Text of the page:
The Union Budget for 2013-14 is likely to include steps to modernise the country’s tax administration, reduce the compliance burden and improve transparency. It may also include some of the tax measures outlined in the proposed Direct Taxes Code (DTC) Bill in a modified form. Officials involved in the budget-making process said the focus would be on introducing changes that would be “acceptable and welcomed by the productive sectors of the economy”, a clear indication that there would not be any tax proposals that would upset the investor community.
While personal income tax rates have already been aligned with the slabs and rates proposed in DTC, corporate tax rates continue to be slightly higher than the DTC rates including cess and surcharge. Since the average effective tax rate on corporates is below 25% (despite a 4 percentage-point increase since 2006-07 due to the phasing out of exemptions), it is unlikely that the extant rates would be disturbed.
KR Sekar, partner, Deloitte, said: “We expect stability and certainty in the tax regime, measures to revive the economy and steps towards a more effective dispute resolution that unlocks the amounts involved.”
The phasing out of profit-linked incentives and replacing them with investment-linked ones had started some years ago, with more substantive moves being in the last couple of years. Yet, as far as the alignment of the existing tax provisions with the DTC is concerned, there is scope for more action in this year’s budget. Some of the concepts outlined in DTC including the General Anti-Avoidance Rules and the provision for multinationals to strike a pact with tax authorities on the way they price their cross-border trade within the group to avoid transfer pricing disputes have already been legislated. Other concepts outlined in the code such as Controlled Foreign Corporation (CFC) rules meant to tax the non-repatriated profits of Indian companies’ overseas subsidiaries and branch profit tax (BPT) targeting the permanent establishments of foreign companies here would need clarifications and some relaxation before their introduction. Some analysts believe finance minister P Chidambaram might address these concerns in the coming Budget, while there is also a view that the government might wait till a formal position is taken on the DTC before CFC and BPT concepts are introduced.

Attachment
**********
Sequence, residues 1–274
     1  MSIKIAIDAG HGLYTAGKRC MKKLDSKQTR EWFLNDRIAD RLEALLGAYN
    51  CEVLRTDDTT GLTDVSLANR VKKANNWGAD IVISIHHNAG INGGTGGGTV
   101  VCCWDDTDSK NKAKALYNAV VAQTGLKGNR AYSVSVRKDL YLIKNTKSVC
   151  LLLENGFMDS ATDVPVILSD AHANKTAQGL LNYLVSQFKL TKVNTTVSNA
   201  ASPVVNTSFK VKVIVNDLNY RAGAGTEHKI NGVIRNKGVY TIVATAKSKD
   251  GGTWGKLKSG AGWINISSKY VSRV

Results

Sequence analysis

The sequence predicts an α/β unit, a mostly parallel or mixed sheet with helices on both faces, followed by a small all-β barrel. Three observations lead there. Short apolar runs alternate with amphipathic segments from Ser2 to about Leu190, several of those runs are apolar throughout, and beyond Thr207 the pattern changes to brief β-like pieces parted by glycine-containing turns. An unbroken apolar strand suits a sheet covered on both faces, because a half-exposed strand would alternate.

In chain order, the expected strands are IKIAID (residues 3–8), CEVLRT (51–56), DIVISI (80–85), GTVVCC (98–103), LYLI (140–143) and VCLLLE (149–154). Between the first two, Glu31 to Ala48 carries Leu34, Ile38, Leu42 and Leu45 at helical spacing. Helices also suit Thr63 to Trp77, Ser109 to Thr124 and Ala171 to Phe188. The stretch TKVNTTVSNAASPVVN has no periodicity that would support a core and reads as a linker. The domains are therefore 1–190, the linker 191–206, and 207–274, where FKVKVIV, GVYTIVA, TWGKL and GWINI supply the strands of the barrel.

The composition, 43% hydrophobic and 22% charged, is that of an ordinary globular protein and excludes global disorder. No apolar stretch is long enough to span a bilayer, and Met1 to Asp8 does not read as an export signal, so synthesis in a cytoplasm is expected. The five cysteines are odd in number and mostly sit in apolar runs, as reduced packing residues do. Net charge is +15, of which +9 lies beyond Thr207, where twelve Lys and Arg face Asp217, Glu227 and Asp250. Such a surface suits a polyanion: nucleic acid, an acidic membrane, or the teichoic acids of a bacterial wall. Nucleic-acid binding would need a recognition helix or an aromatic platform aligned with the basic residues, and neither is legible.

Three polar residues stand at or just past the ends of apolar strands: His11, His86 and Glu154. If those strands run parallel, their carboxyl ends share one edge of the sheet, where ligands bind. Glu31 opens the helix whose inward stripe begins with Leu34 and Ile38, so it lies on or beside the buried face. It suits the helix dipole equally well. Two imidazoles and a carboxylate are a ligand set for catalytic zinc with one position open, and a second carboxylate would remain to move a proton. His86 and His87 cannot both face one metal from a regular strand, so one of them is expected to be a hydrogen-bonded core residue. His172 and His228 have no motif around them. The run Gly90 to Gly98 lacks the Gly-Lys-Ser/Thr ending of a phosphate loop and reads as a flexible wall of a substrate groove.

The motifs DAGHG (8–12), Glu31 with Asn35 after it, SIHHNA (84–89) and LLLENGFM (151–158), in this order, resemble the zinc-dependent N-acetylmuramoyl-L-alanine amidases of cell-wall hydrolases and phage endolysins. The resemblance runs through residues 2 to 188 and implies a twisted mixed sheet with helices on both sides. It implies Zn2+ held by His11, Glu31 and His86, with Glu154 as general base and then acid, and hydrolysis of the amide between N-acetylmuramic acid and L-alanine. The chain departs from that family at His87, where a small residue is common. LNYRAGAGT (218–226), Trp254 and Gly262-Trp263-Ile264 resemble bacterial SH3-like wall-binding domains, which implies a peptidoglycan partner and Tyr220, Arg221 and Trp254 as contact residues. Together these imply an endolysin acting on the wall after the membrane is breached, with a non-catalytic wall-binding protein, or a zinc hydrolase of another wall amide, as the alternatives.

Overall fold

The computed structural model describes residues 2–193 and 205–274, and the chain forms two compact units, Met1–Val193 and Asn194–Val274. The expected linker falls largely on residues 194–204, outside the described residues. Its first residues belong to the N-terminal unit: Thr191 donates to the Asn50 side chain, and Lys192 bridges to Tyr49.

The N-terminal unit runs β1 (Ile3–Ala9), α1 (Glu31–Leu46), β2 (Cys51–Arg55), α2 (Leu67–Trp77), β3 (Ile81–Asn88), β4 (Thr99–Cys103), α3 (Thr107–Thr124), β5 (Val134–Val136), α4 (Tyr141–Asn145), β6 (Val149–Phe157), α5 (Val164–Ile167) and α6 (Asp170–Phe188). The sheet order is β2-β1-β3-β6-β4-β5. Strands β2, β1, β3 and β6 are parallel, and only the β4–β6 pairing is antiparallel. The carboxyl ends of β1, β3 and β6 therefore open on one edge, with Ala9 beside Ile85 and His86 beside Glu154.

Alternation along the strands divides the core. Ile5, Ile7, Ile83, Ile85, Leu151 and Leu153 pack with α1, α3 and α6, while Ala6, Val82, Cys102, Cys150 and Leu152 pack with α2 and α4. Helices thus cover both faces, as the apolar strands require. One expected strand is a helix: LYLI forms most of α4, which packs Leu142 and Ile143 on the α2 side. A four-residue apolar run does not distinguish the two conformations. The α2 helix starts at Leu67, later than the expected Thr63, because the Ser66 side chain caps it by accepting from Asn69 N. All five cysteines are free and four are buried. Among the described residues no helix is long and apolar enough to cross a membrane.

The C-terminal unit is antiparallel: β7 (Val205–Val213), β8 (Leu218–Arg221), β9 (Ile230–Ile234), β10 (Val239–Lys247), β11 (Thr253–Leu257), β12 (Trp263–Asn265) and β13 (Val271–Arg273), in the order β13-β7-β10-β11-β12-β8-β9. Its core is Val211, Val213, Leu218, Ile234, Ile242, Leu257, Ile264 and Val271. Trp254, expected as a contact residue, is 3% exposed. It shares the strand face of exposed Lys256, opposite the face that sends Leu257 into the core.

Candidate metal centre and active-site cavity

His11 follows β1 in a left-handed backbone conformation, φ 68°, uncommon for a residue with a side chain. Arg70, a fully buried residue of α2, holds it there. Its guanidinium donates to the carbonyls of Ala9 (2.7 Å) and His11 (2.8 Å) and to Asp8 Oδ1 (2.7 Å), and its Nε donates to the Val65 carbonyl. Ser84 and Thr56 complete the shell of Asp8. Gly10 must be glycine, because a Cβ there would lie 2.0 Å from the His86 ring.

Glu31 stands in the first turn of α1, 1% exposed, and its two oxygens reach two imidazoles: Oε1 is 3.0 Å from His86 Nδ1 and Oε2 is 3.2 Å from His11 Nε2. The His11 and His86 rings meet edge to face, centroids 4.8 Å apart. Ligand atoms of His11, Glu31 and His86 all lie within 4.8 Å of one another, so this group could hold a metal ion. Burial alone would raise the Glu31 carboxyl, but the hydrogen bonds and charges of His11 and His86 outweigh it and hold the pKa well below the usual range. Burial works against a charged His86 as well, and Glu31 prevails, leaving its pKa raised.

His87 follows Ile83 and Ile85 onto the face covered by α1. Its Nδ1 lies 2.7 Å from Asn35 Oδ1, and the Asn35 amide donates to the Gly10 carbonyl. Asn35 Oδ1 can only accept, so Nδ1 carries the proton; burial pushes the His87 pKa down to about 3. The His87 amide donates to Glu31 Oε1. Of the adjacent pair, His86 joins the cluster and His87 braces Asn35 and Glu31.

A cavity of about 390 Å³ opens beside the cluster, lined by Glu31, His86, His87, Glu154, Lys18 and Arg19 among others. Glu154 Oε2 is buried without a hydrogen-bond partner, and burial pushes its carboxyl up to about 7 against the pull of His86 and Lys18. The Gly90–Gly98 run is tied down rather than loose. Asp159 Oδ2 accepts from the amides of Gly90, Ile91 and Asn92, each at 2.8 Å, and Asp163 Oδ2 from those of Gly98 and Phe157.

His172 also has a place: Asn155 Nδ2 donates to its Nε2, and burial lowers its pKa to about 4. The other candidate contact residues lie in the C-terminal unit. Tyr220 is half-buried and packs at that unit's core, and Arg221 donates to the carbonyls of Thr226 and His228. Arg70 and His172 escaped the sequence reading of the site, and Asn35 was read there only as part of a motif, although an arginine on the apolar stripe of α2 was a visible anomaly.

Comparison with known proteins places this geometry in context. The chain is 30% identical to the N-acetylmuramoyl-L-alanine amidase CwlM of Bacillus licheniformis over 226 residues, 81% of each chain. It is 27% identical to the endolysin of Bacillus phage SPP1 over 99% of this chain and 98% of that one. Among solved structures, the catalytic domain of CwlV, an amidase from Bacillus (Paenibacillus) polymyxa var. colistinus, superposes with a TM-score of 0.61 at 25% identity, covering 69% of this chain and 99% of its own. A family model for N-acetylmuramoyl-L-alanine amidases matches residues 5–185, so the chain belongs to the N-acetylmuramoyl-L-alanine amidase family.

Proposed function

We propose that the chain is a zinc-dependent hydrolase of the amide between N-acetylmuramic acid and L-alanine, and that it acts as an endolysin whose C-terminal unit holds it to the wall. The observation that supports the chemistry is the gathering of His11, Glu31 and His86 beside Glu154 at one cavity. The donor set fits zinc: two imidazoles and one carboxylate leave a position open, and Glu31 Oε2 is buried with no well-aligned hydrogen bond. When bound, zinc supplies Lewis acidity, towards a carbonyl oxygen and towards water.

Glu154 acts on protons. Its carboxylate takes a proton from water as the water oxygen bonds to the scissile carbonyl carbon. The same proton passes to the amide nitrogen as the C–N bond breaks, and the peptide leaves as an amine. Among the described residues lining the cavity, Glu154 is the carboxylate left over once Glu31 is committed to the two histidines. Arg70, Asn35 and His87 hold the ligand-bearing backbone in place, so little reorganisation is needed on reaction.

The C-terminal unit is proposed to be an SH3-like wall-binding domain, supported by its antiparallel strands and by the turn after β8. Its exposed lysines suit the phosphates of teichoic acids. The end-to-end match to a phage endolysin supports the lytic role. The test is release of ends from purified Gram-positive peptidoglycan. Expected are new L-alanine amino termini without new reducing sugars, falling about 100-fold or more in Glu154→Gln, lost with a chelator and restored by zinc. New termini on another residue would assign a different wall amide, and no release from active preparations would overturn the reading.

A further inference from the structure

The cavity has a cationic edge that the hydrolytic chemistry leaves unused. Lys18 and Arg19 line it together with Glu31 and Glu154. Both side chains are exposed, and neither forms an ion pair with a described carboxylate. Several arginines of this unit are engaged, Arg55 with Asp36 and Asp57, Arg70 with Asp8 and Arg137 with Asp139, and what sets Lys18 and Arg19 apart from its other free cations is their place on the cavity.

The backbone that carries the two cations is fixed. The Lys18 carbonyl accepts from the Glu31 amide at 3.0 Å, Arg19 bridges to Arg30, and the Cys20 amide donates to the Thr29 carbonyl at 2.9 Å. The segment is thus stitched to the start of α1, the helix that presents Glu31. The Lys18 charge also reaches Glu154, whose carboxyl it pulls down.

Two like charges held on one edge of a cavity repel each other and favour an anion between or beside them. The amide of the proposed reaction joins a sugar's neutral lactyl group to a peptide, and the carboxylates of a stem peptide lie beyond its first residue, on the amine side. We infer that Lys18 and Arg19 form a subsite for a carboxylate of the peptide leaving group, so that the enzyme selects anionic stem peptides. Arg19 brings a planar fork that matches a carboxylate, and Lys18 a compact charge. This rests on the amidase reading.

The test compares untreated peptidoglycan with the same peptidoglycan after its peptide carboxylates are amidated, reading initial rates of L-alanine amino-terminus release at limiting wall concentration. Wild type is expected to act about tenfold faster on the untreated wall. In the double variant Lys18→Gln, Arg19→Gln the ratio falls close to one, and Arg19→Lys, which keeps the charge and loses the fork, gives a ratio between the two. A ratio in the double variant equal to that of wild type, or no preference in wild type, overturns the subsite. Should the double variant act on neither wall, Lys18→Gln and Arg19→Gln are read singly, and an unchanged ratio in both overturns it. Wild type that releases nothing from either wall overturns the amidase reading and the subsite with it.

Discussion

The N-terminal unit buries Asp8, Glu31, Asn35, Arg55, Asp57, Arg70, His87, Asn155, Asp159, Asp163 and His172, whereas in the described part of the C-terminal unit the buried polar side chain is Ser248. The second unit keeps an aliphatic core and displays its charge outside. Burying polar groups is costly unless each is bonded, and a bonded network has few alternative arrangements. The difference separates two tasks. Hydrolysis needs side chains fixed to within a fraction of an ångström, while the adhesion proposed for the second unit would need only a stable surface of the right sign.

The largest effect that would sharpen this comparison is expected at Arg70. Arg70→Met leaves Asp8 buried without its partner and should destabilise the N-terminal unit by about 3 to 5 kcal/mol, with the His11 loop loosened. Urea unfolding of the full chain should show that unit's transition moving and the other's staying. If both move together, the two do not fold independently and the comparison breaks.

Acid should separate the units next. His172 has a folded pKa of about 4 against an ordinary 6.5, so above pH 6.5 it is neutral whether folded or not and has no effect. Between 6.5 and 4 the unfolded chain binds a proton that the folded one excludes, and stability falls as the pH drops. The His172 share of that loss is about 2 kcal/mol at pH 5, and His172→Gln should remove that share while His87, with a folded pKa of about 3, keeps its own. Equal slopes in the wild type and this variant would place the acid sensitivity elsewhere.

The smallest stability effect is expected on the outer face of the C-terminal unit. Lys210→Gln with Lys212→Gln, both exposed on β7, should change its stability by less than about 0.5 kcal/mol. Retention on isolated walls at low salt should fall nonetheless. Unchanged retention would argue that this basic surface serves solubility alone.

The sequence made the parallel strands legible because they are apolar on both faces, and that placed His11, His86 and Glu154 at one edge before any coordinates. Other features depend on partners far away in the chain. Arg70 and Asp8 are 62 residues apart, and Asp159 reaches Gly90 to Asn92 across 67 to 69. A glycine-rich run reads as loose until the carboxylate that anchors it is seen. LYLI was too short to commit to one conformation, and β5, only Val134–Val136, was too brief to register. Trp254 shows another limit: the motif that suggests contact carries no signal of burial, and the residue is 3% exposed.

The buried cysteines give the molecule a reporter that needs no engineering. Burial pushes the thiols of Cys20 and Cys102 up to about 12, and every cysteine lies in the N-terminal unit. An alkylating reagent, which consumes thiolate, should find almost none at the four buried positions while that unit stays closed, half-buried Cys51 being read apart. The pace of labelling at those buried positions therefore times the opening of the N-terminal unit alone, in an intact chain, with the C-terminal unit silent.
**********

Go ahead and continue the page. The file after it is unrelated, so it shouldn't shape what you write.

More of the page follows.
The industry wants the scope of CFC provisions to be narrower, limited to one level of overseas subsidiaries and credits to be allowed on the taxes paid by the foreign subsidiary abroad. DTC had proposed a 15% BPT in lieu of a reduction in income tax rate for foreign companies from 42% to 30%.
Chidambaram’s advisor Parthasarthy Shome had said last week that the ministry would increasingly follow the approach of looking at contentious tax matters from a global perspective, even as New Delhi strives to revive investor sentiment. Chidambaram on Tuesday urged his officers to follow a friendly approach, which would enhance tax compliance. “As we go forward, we should rely more on technology, non-intrusive intelligence gathering and a non-adversarial tax administration,” Chidambaram said while addressing officials of Central Board of Excise and Customs (CBEC) here.
The finance minister also has to make dispute resolution mechanisms more effective. Experts said some of the existing provisions such as the Mutual Agreement Procedure, under which tax authorities from different countries come together to agree for an understanding to avoid double taxation of companies present in all the countries, have not yet been effective due to the alleged unwillingness of India to make compromises.
“We are trying to see what would be the best in terms of transparency, facilitation in terms of returns so that some of the issues that are bothering the industry will be covered,” Shome had said last week.